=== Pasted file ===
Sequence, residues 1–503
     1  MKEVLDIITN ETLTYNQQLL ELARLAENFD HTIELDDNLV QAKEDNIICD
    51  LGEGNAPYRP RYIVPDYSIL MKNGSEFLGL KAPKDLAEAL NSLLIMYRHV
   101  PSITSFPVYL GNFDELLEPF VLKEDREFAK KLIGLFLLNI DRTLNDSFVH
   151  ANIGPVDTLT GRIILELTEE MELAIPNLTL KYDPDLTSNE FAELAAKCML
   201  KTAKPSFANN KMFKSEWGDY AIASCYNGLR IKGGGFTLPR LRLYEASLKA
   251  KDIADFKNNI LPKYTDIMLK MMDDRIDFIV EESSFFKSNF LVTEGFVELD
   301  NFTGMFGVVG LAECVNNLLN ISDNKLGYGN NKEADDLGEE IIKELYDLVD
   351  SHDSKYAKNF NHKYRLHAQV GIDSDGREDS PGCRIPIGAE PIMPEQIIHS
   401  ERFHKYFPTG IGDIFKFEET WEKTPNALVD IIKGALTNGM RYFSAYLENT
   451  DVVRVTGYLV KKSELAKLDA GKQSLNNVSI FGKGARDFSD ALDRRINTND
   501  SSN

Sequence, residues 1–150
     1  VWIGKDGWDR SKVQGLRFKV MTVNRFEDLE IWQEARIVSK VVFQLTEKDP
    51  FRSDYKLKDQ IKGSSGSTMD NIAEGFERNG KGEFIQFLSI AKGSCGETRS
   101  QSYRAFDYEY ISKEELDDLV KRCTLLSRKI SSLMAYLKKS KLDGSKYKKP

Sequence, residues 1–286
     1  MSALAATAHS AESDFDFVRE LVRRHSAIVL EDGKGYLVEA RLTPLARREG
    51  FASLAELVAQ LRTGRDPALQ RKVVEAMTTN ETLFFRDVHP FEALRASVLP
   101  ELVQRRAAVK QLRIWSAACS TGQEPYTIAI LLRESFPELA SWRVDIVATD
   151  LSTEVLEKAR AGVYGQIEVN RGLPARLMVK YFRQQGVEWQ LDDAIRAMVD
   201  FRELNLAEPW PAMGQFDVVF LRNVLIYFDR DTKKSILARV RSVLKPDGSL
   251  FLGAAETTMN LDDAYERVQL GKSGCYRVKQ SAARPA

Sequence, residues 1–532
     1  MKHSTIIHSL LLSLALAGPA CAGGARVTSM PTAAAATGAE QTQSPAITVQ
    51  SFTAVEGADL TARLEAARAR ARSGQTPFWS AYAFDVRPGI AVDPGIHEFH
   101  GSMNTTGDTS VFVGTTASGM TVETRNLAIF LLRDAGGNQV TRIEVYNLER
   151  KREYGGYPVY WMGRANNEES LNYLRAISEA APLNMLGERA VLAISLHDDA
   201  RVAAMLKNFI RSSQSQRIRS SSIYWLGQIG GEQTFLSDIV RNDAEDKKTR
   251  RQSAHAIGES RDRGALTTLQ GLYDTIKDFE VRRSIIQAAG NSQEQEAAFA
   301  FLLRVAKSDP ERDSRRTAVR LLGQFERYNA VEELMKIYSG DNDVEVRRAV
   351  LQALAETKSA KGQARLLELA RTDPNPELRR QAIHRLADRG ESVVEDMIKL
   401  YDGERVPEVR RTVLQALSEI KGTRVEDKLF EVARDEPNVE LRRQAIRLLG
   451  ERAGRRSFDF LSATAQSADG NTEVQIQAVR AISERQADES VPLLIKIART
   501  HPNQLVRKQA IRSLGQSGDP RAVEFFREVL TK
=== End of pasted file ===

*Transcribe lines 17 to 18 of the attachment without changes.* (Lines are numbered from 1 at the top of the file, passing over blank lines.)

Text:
Sequence, residues 1–286
     1  MSALAATAHS AESDFDFVRE LVRRHSAIVL EDGKGYLVEA RLTPLARREG